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Does closing a text file flush it?

We're using LV 2018, 32 bit.

We're writing to a text file and want to avoid losing data if the system crashes, hence we need to either flush or close the file relatively frequently, to ensure that any data that LabVIEW thinks has been written to the file does indeed get written and not left hanging around in a Windows buffer right before a crash.

If you want to explicitly flush a file, you can use the flush file function. But does anyone know if the Close File function also forces a flush? E.g. when you close a file, are you guaranteed that the Windows buffers will be flushed and the data will be written right then?

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David Thomson Original Code Consulting
www.originalcode.com
National Instruments Alliance Program Member
Certified LabVIEW Architect
Certified Embedded Systems Developer
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There are 10 kinds of people: those who understand binary, and those who don't.
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@Dave_Thomson wrote:

We're using LV 2018, 32 bit.

We're writing to a text file and want to avoid losing data if the system crashes, hence we need to either flush or close the file relatively frequently, to ensure that any data that LabVIEW thinks has been written to the file does indeed get written and not left hanging around in a Windows buffer right before a crash.

If you want to explicitly flush a file, you can use the flush file function. But does anyone know if the Close File function also forces a flush? E.g. when you close a file, are you guaranteed that the Windows buffers will be flushed and the data will be written right then?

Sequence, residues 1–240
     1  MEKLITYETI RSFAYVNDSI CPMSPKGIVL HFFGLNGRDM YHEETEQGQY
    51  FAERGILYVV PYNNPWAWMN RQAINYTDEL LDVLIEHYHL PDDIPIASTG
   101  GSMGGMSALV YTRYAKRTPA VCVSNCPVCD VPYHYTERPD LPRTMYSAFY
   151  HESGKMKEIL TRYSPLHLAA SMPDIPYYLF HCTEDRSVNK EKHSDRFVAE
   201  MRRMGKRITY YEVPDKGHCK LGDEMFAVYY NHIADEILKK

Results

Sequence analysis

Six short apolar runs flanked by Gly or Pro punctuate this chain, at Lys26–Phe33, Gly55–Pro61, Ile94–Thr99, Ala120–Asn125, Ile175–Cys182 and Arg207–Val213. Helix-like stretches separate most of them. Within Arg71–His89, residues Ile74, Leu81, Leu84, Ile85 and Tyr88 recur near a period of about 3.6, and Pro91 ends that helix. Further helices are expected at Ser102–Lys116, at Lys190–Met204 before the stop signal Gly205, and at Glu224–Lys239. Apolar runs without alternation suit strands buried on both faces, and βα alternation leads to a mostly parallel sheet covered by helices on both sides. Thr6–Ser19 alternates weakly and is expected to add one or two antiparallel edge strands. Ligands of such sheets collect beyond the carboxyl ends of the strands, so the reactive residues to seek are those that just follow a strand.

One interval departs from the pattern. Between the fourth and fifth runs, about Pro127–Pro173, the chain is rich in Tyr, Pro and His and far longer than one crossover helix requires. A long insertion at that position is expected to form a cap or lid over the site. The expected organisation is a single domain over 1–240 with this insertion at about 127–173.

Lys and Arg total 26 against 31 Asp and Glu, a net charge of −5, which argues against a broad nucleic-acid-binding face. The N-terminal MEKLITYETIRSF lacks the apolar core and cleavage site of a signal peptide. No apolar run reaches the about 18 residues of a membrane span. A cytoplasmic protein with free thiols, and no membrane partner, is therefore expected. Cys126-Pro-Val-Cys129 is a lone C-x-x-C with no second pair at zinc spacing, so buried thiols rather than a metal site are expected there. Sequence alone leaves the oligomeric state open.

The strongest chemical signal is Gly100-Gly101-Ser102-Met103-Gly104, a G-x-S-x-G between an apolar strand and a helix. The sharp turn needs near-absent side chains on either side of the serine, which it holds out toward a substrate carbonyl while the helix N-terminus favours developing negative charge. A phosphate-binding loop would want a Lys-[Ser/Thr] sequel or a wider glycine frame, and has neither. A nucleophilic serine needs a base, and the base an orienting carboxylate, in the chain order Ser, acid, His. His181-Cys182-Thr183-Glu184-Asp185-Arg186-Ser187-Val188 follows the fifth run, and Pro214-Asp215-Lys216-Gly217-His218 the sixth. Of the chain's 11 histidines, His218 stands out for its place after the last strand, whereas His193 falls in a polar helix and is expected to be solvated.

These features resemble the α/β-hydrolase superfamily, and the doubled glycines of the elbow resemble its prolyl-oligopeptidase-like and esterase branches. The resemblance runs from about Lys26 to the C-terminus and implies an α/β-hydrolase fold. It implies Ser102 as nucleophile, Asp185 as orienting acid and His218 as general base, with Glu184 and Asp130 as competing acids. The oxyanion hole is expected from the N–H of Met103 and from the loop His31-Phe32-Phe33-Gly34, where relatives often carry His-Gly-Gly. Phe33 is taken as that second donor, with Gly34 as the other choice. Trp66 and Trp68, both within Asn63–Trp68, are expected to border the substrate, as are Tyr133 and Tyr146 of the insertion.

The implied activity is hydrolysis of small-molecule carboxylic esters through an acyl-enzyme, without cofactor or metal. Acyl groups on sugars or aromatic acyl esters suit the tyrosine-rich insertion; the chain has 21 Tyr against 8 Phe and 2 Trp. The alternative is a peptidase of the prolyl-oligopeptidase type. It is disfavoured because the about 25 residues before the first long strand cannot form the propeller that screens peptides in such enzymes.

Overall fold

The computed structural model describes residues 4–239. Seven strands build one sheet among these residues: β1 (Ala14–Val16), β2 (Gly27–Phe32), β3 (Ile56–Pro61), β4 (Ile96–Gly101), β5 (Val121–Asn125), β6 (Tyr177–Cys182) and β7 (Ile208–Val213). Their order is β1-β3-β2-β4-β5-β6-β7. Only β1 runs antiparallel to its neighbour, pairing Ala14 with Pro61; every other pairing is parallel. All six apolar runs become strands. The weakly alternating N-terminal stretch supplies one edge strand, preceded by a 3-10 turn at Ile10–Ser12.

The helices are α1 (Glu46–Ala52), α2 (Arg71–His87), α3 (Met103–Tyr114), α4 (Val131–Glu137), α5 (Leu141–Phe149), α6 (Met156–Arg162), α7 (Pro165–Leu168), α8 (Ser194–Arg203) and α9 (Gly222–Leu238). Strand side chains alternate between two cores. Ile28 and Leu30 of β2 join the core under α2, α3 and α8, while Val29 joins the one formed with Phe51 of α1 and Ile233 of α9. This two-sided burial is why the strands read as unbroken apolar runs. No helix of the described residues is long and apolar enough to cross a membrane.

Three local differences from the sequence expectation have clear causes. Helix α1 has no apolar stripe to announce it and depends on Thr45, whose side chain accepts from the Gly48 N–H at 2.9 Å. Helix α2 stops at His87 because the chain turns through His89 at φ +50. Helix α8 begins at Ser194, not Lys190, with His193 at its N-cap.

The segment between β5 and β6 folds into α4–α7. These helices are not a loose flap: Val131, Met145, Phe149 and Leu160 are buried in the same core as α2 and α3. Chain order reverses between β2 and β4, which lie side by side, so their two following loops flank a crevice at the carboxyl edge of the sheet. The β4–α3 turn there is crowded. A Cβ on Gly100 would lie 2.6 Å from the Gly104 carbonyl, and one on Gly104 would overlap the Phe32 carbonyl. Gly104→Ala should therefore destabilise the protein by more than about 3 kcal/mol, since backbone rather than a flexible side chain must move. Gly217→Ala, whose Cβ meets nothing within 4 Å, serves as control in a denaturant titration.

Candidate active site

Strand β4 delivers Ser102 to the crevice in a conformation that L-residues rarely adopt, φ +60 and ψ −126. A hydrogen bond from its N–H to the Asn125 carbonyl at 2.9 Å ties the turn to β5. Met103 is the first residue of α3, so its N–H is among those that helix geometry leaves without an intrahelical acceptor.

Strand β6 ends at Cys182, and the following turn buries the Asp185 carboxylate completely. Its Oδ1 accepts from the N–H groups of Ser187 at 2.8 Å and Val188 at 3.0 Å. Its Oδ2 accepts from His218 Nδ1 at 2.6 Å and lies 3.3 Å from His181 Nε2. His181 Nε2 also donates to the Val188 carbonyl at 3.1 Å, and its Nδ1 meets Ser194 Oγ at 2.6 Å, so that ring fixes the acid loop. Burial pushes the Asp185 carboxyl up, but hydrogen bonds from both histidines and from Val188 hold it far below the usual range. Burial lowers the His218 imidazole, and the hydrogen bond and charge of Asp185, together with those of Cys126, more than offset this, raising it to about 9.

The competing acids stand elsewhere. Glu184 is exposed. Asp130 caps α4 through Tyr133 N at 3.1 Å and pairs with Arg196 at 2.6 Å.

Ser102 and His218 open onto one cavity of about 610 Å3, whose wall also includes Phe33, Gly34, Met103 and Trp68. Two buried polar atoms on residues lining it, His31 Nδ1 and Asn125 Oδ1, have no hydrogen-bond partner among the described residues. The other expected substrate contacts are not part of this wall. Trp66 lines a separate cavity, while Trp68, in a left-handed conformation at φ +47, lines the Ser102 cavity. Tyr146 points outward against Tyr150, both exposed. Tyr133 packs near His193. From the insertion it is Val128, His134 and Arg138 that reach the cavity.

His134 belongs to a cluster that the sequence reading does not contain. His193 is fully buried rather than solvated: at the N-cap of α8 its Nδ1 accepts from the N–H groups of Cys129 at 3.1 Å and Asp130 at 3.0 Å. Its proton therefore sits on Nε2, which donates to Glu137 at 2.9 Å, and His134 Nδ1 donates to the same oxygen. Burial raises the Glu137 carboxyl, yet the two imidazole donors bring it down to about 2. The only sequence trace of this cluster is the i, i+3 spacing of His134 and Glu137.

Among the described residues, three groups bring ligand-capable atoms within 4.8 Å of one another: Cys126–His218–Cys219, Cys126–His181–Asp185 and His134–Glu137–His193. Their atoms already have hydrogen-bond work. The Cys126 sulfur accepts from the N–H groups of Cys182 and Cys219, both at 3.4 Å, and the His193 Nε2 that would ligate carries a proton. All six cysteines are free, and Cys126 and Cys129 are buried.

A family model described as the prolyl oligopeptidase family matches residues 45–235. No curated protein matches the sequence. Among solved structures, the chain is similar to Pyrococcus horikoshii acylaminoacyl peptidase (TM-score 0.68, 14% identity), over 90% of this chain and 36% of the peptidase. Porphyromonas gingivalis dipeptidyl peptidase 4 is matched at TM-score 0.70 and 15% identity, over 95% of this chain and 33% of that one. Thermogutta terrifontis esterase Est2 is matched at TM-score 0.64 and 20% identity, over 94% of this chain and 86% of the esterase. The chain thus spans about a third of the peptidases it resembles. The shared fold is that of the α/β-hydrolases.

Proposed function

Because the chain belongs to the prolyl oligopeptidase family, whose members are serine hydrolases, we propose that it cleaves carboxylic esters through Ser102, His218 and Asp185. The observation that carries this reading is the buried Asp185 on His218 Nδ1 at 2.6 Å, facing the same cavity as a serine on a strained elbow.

I think flushing a file forces a disk write, while closing a file just closes it and leaves it up to the operating system to decide when to write it to disk.

Bill
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I was going to say "Write a LabVIEW program to test your assumption", but then I realized that the problem was embedded in the phrase "right before a crash", and how do you get LabVIEW to "simulate a crash"?  [I suppose you could use the not-to-be-used LabVIEW "Abort" function ...

 

If you are writing your text file "intermittently", say every minute or minutes or so, you can save yourself the worry by doing the following:

  1. Open (for Read/Write).
  2. Go to EOF.
  3. Write new stuff.
  4. Close the file.

The file will be "vulnerable to a crash" only during the time you are updating it, and if a crash does occur during this (brief, I hope) time, you'll probably have the last-but-one version of the file sitting intact on the disk.  I'm pretty sure I've used this technique in the past ...

 

Bob Schor

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My guess is that it depends if windows write caching is enabled (default?) or disabled.

 

I would assume that if write caching is enabled, windows will complete the write independent of LabVIEW so you should be OK unless Windows also crashes hard... 😄

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